The latest numbers of confirmed COVID-19 cases in Canada as of 6:30 p.m. EST on Nov. 29, 2020: There are 370,238 confirmed cases in Canada. _ Quebec: 141,038 confirmed (including 7,033 deaths, 122,014 resolved) _ Ontario: 114,746 confirmed (including 3,648 deaths, 97,319 resolved) _ Alberta: 56,444 confirmed (including 533 deaths, 40,219 resolved) _ British Columbia: 30,884 confirmed (including 395 deaths, 21,304 resolved) _ Manitoba: 16,483 confirmed (including 301 deaths, 7,010 resolved) _ Saskatchewan: 8,239 confirmed (including 45 deaths, 4,589 resolved) _ Nova Scotia: 1,271 confirmed (including 65 deaths, 1,078 resolved) _ New Brunswick: 481 confirmed (including 7 deaths, 363 resolved) _ Newfoundland and Labrador: 333 confirmed (including 4 deaths, 297 resolved) _ Nunavut: 177 confirmed (including 65 resolved) _ Prince Edward Island: 72 confirmed (including 68 resolved) _ Yukon: 42 confirmed (including 1 death, 29 resolved) _ Northwest Territories: 15 confirmed (including 15 resolved) _ Repatriated Canadians: 13 confirmed (including 13 resolved) _ Total: 370,238 (0 presumptive, 370,238 confirmed including 12,032 deaths, 294,383 resolved) This report by The Canadian Press was first published Nov. 29, 2020. The Canadian Press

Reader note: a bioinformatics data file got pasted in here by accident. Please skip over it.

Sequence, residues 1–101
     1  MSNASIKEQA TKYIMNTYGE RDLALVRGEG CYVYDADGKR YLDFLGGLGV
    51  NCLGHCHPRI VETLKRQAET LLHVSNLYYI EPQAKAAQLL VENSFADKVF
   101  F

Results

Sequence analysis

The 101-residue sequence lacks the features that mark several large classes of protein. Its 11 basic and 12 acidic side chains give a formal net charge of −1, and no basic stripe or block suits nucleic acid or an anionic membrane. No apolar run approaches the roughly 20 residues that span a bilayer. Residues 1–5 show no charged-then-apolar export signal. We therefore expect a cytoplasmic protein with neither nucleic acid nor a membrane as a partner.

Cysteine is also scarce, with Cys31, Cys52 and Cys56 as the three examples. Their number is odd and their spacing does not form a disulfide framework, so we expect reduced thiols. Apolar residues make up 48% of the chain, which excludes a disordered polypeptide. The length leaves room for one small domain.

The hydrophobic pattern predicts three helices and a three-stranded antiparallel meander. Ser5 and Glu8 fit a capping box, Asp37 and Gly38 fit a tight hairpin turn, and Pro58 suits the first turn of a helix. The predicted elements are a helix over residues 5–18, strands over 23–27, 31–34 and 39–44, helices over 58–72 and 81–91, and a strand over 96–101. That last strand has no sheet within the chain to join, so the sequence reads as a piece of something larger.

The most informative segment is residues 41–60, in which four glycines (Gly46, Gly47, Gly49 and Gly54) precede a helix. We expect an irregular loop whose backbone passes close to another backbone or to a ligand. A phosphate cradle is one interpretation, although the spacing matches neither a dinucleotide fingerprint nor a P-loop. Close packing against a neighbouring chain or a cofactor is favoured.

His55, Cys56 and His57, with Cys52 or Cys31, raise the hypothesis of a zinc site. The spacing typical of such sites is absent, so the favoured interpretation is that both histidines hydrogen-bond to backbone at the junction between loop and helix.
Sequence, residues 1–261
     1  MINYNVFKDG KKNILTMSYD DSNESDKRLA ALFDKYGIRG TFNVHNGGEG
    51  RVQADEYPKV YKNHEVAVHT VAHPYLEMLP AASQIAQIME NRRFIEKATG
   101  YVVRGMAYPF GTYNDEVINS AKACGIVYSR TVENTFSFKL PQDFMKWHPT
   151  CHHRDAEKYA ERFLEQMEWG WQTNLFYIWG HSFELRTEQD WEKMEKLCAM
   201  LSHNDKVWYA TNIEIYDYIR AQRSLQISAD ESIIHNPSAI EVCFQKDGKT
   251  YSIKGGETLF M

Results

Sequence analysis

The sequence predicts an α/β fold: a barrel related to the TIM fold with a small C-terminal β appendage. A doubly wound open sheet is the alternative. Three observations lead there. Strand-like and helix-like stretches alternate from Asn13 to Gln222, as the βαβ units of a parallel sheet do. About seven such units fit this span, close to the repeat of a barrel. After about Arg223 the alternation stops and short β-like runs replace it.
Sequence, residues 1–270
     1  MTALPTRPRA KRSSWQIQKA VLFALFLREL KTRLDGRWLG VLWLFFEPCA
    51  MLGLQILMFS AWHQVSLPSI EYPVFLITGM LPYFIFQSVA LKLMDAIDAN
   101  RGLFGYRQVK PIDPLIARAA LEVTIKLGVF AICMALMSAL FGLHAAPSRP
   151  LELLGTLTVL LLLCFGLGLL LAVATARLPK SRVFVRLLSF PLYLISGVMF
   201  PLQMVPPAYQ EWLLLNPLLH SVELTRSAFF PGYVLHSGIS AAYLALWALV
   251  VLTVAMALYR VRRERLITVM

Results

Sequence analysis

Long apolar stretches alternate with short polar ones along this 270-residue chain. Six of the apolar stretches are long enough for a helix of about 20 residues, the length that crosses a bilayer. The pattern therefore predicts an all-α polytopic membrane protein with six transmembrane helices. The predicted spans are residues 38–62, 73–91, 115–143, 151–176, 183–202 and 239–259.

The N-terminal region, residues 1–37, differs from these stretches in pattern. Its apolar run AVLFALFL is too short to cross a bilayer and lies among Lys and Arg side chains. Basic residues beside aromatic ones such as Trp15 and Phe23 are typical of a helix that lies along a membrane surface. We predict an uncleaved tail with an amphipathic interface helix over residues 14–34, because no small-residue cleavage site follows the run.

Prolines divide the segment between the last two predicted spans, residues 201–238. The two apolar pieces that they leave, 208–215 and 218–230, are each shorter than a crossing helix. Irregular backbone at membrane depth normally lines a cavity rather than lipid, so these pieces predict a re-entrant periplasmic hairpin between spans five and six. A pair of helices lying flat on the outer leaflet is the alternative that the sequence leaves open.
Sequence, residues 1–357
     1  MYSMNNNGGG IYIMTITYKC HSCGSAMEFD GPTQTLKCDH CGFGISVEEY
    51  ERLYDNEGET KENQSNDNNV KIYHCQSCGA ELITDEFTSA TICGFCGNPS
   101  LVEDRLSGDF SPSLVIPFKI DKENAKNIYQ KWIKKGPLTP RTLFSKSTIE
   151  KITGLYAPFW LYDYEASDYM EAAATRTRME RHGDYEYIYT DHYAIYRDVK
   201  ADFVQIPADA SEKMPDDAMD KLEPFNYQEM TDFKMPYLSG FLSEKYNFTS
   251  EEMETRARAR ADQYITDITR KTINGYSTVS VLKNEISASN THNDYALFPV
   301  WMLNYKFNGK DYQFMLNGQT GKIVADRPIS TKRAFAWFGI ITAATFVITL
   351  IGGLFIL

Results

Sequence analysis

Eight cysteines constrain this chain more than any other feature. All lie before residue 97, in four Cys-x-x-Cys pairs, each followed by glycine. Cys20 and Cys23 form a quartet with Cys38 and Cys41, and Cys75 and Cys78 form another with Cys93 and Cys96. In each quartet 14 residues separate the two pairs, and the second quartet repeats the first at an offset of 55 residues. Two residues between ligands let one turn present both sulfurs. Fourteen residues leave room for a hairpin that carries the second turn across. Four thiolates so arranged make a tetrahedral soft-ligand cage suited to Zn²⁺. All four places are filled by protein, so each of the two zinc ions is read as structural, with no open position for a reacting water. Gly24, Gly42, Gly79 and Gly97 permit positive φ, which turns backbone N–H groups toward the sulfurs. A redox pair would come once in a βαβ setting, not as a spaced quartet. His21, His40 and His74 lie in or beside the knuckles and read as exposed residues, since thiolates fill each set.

When Retired Gen. Rick Hillier received a call from Ontario Premier Doug Ford asking him to oversee the province's COVID-19 vaccine rollout, he knew he couldn't say no."My reaction was, I'm not looking for a job, I'm not looking for the stress that goes with this kind of appointment," Hillier told CBC Radio's Fresh Air on Sunday."And I thought about it for some hours after I spoke with Premier Ford, and then thought, you can't sit back, be critical of what's going on around you in many ways, I suppose, be saying I want to get back to a regular life, and then when your premier phones and asks you to be part of an effort to get us back to what we believe is a normal life, you can't say no," Hillier said."Duty calls is what went through my mind at the end of it."Hillier, former Chief of Defence Staff for the Canadian Armed Forces from February 2005 to July 2008 and Commander of the NATO-led forces during the war in Afghanistan in 2004, said he was in Newfoundland and Labrador when he got the call.Hillier said the appointment, announced on Monday, means balancing new responsibilities with previous commitments as well as his personal life, but he decided the role matters to the province and to Canada. "There's nothing more important for the almost 15 million people in Ontario than getting this vaccine program right," he said. "And since I also believe that as Ontario goes, the rest of Canada goes, I don't think there's anything more important for Canada."His official title is chair of COVID-19 Vaccine Distribution Task Force. The task force will advise the Ontario government on delivery, storage and distribution of COVID-19 vaccines. It will also provide support for the health care system to deliver a "phased" vaccination program.That program will begin with immunization of vulnerable populations, then proceed with mass immunization. The province said it is planning the early rollout of the COVID-19 vaccine program with vaccines from Pfizer and Moderna. The task force will provide clinical guidance on vaccine administration and monitoring of vaccine uptake. And it will implement a "broad and sustained" public education and community outreach effort to encourage vaccination."I talked to the premier and said: 'Yeah, I'm in, I'll do the best I can.' Nobody can ask more of me than that. I'll do the very best I can."On Monday, Ford said: "This task force will be responsible for the largest vaccine rollout in a generation, a massive logistical undertaking, the likes of which this province has never seen. Because as soon as these vaccines are available, we have to be ready. We need military precision."Team being assembled to deal with War Against COVID-19Hillier said a small team is already being assembled against what he called "the War" on COVID-19. That team will ensure the rollout is effective, he said. In a news release on Monday, the province said it will announce other task force members in the coming days.Asked if overseeing a military operation in the Afghan desert against the Taliban will be useful experience when overseeing a vaccine rollout, Hillier said: "We're used to operating in an environment where there are a huge number of unknowns.""And we know how to parse through the information, to develop the information and try to determine all that we possibly can to allow us to plan and execute an operation appropriately. We're used to operating in a void," he said."In fact, that's where we are with the drug right now. We don't know when it's going to come. We don't know which ones will get here first. We don't know all the characteristics of it beyond the fact that there will be some challenges logistically in handling it."Hillier said he agrees with Ford that military precision is a very useful thing but added that everyone has a role to play."We're used to operating as a team and I think more so than anywhere else around. We pile on, we have each other's back, and we're straightforward and frank with each other. But we're all there with one mission."Role is to 'tie all of those pieces together'Hillier said his job is not actually rolling out the vaccine in Ontario, because there are medical professionals who will actually roll it out, but he will "tie all of those pieces together" with his small team to make it a nearly seamless operation."I've learned a lot by having the opportunity to serve with Canada's sons and daughters in uniform and their families and the civilians who support the armed forces for decades. I've learned a lot about leadership. I talk about leadership, write about leadership. And the one thing I always come back to is, if you're a leader, it's all about people," he said."And if you can energize people, focus them on the mission at hand, support them as they launch into those tasks, inspire them when they get tired, then you're going to be okay because they'll have the great ideas. Their minds will be brought to work and applied on behalf of the province and the people of Ontario."Hillier says leadership is what mattersHillier said leadership is what matters and the Canadian Armed Forces produces effective leaders.He noted there was criticism over the recent naming of Maj.-Gen. Dany Fortin, current chief of staff to the Canadian Joint Operations Command and a former commander of the NATO mission in Iraq, as vice president, logistics and operations at the Public Health Agency of Canada. Some pundits objected because Fortin is not a medical professional.But Hillier said that criticism is unwarranted."I think the Canadian Armed Forces produce leaders that are extraordinary," Hillier said. "We have a program of education and training, of experiencing people, selecting them, and then tying all that together with a mentorship program that is phenomenal," he said."I don't believe there's another organization or institution in Canada that produces leaders in a systemic manner like the Canadian Armed Forces does."In January 1998, Hillier led 15,000 military personnel under "Operation Recuperation" to help Ontario, New Brunswick and Quebec recover from an ice storm.